Griffith Observatory Sky Report for the week ending Wednesday, September 4, 2013

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This is the Griffith Observatory Sky Report for the week ending Wednesday, September 4, 2013. Here is what’s happening in the skies of Southern California:

The planet Venus is the brilliant white light in the west-southwest sky during twilight. Planet Saturn is the brightest object to the upper left of Venus in the southwest sky. Saturn appears to close in on Venus this week, starting 22 degrees to the upper left of Venus on August 28th. Saturn ends up 15 degrees to the upper left of Venus on September 4th. Also on the 4th, Virgo the Maiden’s brightest star Spica will be 2˚ to the lower left of Venus. A telescope is needed to see Saturn’s spectacular rings and the ¾-illuminated phase of Venus.

Last quarter moon occurs on Wednesday morning, August 28. On following mornings the moon’s phase is waning crescent and it can be seen until Tuesday, September 3. The moon will appear near the brilliant planet Jupiter on Saturday, August 31, and the orange planet Mars on Monday, September 2.

Mars is still too far away to show telescopic detail, but Jupiter displays four bright moons that are visible in binoculars, and a wealth of cloud details visible through telescopes.

Comet ISON (C/2012 S1), which was promoted widely last year as the upcoming “comet of the Century,” is in Cancer the Crab, to the lower left of Mars at dawn. The comet glows feebly at magnitude 14, one thousand times fainter than the faintest star visible to the unaided eye, and several times fainter than most predictions had anticipated. As a result, the comet remains visible only to experienced amateur and professional observers at this time. As observing prospects become clearer before the comet ISON’s close encounter with the sun on Thanksgiving Day, Griffith Observatory will provide detailed observing information, assuming the comet eventually brightens enough to observe easily.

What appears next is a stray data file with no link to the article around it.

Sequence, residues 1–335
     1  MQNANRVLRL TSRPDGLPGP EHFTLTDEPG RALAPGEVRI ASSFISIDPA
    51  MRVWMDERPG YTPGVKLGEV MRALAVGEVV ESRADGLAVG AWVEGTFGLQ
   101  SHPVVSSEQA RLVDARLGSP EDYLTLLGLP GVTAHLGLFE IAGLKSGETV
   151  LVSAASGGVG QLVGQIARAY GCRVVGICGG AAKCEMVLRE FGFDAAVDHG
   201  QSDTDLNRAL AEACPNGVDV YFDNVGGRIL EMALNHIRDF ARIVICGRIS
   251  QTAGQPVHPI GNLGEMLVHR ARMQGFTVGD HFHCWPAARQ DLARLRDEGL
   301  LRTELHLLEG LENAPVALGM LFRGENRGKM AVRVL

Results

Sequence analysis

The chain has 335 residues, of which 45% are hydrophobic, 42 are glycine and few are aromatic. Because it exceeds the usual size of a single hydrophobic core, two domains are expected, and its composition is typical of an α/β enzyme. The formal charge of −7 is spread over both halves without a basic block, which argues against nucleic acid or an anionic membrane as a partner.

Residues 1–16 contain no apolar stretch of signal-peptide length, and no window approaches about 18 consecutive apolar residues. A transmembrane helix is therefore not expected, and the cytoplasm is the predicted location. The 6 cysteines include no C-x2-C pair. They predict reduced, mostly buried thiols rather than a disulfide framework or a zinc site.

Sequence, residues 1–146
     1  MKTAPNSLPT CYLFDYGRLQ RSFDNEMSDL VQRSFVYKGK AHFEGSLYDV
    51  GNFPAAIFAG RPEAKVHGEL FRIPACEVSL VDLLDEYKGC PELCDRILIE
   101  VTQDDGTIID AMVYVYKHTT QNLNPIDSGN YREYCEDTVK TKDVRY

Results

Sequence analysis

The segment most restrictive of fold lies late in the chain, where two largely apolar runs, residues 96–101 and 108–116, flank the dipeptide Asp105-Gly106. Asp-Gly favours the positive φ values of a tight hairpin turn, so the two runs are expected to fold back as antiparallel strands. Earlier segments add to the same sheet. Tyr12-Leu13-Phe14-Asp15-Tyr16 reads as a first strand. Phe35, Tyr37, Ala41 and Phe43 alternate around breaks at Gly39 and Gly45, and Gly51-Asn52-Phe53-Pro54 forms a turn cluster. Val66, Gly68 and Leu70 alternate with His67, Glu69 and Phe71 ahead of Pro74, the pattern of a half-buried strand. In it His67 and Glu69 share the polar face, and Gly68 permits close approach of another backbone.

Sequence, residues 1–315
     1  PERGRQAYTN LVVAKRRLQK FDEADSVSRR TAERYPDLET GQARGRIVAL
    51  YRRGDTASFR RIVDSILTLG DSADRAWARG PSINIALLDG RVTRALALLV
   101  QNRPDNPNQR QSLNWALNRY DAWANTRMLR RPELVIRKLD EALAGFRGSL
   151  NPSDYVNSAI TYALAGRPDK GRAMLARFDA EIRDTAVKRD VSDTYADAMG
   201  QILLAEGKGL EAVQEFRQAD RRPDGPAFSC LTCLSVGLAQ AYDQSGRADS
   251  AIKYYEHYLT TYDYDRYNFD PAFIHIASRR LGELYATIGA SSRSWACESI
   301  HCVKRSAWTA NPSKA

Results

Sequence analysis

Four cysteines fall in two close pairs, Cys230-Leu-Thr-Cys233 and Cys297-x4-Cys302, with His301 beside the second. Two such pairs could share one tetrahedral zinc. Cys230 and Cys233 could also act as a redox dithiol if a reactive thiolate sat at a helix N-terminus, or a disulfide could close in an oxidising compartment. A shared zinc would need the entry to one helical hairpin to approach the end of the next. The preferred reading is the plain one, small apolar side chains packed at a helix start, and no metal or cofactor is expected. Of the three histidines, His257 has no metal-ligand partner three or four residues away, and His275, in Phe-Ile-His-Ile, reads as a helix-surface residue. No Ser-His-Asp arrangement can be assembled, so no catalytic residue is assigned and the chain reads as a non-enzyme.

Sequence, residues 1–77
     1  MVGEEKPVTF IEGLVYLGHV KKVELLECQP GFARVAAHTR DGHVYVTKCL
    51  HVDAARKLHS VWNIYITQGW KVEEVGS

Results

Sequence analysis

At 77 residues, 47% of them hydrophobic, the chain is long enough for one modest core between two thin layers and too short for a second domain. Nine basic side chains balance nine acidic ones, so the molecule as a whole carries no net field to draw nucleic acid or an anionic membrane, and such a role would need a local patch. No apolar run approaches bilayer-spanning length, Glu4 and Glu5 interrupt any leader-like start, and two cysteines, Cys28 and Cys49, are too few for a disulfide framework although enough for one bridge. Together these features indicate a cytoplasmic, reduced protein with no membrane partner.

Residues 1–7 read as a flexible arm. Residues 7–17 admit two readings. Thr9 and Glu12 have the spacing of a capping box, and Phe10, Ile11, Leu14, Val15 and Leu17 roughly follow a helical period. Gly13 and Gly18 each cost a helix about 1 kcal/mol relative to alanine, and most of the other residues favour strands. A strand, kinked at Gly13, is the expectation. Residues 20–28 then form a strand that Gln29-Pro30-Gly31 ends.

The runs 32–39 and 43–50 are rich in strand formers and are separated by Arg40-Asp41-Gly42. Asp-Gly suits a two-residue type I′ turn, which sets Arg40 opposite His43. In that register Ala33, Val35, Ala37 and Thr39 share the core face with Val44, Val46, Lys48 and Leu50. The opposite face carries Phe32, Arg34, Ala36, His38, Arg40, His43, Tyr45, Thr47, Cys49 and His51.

Free views of the sun during the day and of the moon, planets, and other celestial objects at night, are available to the public in clear weather through Griffith Observatory’s telescopes Tuesday-Sunday before 9:30 p.m. Check our website for our schedule. The next public star party on the grounds of Griffith Observatory, hosted by the Los Angeles Astronomical Society, the Sidewalk Astronomers, and the Planetary Society, will take place on Saturday, September 14.

From Griffith Observatory, I’m Anthony Cook and I can be reached at